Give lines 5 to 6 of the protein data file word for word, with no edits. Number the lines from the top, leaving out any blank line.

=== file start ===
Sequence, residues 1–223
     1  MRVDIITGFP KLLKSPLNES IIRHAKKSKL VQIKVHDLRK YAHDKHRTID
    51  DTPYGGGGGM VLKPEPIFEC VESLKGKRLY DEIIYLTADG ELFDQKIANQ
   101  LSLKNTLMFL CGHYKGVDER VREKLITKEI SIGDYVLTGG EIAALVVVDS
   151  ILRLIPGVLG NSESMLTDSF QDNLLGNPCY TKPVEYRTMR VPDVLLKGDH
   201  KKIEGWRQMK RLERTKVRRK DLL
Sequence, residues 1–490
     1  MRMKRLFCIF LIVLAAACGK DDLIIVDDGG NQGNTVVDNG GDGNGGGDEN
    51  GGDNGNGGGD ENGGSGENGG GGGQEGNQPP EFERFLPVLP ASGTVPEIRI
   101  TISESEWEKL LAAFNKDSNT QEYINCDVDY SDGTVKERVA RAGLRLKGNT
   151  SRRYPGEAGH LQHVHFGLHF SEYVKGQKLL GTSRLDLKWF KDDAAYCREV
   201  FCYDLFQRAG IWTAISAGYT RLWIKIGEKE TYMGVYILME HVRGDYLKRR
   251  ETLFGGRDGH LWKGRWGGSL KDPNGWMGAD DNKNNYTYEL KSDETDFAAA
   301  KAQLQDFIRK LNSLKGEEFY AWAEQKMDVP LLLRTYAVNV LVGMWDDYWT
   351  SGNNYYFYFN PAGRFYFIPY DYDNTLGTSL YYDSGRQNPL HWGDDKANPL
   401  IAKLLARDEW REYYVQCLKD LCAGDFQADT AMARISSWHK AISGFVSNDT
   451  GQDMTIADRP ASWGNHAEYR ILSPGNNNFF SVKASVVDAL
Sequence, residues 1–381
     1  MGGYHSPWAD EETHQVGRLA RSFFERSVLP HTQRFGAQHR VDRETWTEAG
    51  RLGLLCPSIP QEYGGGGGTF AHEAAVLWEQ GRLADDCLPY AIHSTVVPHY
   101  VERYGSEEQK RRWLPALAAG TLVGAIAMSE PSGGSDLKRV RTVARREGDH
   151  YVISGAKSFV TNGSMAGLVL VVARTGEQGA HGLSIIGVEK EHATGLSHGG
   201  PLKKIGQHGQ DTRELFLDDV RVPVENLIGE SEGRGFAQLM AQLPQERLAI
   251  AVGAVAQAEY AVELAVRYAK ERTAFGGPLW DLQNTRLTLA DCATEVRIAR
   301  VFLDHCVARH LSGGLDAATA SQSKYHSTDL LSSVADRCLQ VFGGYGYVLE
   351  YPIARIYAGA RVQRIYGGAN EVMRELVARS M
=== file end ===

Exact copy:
   151  ILRLIPGVLG NSESMLTDSF QDNLLGNPCY TKPVEYRTMR VPDVLLKGDH
   201  KKIEGWRQMK RLERTKVRRK DLL